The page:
In the current issue of Nature, economists Peter Cramton, Axel Ockenfels (both University of Cologne) and R. Richard Geddes (Cornell University) propose having drivers pay a dynamic fee for the use of roads. This would contribute to avoiding traffic jams and protecting the environment, the researchers argue.
Fees that respond to traffic volumes in real time and with site precision, taking into account factors such as vehicle type and exhaust emissions, can significantly improve traffic flow and contribute to reducing air pollution, they suggest.
The location of individual cars can now be tracked to within a few centimeters. This makes it feasible to measure and price road use in real time according to demand. If the price were set at the right level, enough car drivers would choose to drive at a different time or take a different route or mode of transport to cut congestion. Limited road space would be managed in a similar way to airfares, electricity, hotel rooms and train journeys. Uber already balances demand and supply of its cars through surge pricing.
Overall, dynamic pricing does not drive motorists away. It can double the capacity of a congested route in peak times by preventing traffic jams—just as managing fisheries can ease overfishing. Pollution and stress would decrease. The funds raised could be used to improve roads and public transport, and to reduce fuel and other taxes.—Cramton et al.
The authors argue that fixed pricing schemes do little for congestion, because prices often do not change meaningfully with supply and demand13. A low price does little to mitigate jams at peak times. “A price that is fixed high to eliminate peak congestion would be as inefficient and unacceptable as having Thanksgiving airfares all year.”
Traffic jams are not only annoying and time-consuming, they are also costly. In Germany, the economic damage caused by congested roads in 2017 totaled approximately €80 billion euros.
Currently, road users who cause traffic jams, damage the environment and even incur costs are paying just as much as those who are not involved. Without a toll, this means that the general public is subsidizing these road users. That’s unfair.—Axel Ockenfels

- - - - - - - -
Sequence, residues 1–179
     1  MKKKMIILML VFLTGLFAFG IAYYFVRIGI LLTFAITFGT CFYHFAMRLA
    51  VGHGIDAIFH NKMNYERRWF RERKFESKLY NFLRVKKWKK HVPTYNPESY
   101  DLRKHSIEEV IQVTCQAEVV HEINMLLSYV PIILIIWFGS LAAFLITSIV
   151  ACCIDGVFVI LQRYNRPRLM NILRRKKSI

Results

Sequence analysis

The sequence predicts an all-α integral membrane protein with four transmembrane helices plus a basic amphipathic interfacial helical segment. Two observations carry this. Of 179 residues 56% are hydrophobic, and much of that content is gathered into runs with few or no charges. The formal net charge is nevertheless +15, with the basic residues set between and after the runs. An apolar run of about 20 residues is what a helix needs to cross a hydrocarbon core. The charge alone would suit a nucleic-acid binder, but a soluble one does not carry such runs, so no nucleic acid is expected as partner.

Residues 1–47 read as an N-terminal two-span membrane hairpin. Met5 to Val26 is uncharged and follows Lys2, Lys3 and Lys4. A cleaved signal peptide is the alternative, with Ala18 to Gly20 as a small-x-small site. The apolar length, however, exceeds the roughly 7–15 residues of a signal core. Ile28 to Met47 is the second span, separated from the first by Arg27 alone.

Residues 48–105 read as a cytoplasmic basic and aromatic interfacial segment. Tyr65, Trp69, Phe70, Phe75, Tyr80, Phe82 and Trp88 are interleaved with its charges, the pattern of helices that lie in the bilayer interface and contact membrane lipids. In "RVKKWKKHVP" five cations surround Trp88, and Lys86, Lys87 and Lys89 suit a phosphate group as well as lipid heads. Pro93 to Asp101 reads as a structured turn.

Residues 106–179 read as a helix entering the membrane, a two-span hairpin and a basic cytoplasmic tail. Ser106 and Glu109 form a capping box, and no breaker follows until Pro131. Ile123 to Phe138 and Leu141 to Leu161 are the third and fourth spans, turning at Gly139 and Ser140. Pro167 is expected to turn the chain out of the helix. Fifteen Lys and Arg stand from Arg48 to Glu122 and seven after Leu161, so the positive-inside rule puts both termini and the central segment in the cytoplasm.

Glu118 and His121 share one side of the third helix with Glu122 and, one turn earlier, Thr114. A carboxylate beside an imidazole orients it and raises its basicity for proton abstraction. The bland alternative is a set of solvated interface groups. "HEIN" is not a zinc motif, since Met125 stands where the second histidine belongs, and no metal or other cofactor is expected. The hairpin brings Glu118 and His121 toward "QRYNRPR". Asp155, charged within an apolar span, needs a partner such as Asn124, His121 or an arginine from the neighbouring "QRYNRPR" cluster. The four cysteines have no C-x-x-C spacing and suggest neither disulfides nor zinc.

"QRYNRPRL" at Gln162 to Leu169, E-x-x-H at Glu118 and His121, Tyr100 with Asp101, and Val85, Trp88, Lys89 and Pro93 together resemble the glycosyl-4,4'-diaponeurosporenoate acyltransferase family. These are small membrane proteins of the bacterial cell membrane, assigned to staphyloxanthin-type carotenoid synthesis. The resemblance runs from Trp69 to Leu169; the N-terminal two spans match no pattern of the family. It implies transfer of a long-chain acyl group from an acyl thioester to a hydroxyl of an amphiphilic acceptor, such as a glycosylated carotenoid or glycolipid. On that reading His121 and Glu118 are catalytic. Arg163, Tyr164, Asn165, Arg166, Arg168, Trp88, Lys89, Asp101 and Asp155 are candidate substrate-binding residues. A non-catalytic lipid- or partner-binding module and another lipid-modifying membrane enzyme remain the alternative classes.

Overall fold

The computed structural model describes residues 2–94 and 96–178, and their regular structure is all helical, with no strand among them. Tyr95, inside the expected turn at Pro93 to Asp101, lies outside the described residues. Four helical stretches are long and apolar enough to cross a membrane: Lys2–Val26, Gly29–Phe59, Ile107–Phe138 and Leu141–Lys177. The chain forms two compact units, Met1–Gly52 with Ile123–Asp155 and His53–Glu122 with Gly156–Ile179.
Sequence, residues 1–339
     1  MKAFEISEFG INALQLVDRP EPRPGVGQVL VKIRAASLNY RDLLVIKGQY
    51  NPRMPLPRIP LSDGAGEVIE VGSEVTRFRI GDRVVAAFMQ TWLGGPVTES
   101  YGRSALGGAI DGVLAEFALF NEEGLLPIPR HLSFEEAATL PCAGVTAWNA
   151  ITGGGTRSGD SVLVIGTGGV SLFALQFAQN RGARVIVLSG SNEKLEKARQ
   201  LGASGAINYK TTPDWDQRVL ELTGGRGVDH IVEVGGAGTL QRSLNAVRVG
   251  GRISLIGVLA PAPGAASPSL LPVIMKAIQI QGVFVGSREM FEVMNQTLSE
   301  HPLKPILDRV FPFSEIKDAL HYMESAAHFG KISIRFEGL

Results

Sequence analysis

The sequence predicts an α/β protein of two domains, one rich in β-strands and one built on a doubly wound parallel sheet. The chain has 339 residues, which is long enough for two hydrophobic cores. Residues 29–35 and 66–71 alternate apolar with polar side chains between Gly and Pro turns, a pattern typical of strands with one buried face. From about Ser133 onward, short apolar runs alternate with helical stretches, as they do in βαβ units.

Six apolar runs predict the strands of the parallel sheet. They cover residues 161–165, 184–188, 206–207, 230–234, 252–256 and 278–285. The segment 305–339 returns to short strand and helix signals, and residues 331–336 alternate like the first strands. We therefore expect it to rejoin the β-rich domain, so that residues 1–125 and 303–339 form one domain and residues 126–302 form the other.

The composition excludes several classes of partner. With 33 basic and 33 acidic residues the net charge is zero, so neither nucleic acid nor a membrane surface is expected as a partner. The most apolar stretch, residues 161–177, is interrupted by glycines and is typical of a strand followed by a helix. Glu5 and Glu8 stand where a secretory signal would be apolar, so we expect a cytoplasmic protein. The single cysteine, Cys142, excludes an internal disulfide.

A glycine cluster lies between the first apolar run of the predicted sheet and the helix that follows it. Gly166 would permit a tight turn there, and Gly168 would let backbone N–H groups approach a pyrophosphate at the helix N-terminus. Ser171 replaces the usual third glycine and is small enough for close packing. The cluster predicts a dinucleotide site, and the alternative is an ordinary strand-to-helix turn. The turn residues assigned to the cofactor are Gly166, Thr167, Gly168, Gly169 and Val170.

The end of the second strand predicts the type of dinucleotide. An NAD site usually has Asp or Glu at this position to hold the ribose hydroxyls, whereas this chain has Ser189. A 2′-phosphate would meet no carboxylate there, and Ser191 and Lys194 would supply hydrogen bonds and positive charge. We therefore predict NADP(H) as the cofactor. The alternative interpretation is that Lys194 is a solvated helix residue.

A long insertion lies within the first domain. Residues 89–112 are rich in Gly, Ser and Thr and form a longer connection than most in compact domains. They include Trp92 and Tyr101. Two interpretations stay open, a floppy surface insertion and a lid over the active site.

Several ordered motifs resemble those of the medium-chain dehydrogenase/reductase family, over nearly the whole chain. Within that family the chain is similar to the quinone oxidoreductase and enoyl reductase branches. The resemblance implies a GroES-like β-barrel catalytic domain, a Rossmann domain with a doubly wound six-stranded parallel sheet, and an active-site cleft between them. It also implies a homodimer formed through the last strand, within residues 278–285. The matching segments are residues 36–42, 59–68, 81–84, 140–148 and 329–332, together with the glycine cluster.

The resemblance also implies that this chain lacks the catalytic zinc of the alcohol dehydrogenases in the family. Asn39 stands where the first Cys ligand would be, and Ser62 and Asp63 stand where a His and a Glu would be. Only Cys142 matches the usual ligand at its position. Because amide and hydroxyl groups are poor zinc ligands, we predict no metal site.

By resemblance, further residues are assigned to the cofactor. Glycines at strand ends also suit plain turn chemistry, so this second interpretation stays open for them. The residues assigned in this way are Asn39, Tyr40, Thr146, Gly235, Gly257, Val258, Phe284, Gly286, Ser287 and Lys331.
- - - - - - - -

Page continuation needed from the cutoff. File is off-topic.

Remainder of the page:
A toll for road use would bring these costs to light and reduce congestion.
If the fee adapts to the volume of traffic and the situation on the road in real time, i.e. is more expensive at rush hour than around noon, everyone can choose the route that suits them best. This already works for navigation systems. Ultimately, this would reduce the load on main traffic arteries, improve traffic flow and reduce CO2 emissions.—Peter Cramton
Technically, a dynamic road toll could already be implemented in real time today. Navigation and telecommunications systems, GPS data and apps can provide drivers with information and predict traffic volumes.
Of course, you have to develop a system that is an acceptable compromise between collecting personal data and protecting privacy.—Peter Cramton
Modern cryptology could allow system operators to charge tolls without people having access to the data at all.
The authors do not believe that the toll would disadvantage people who cannot afford the tolls.
Pricing must be dynamic and offer options. Imagine pricing the left lane of regularly congested, multi-lane roads. A lower traffic volume on the left lane would be the result. This in turn means that the flow of traffic on the right-hand lane also increases. That way, everyone benefits.—Axel Ockenfels
Peter Cramton, R. Richard Geddes and Axel Ockenfels (2018) “Set road charges in real time to ease traffic” Nature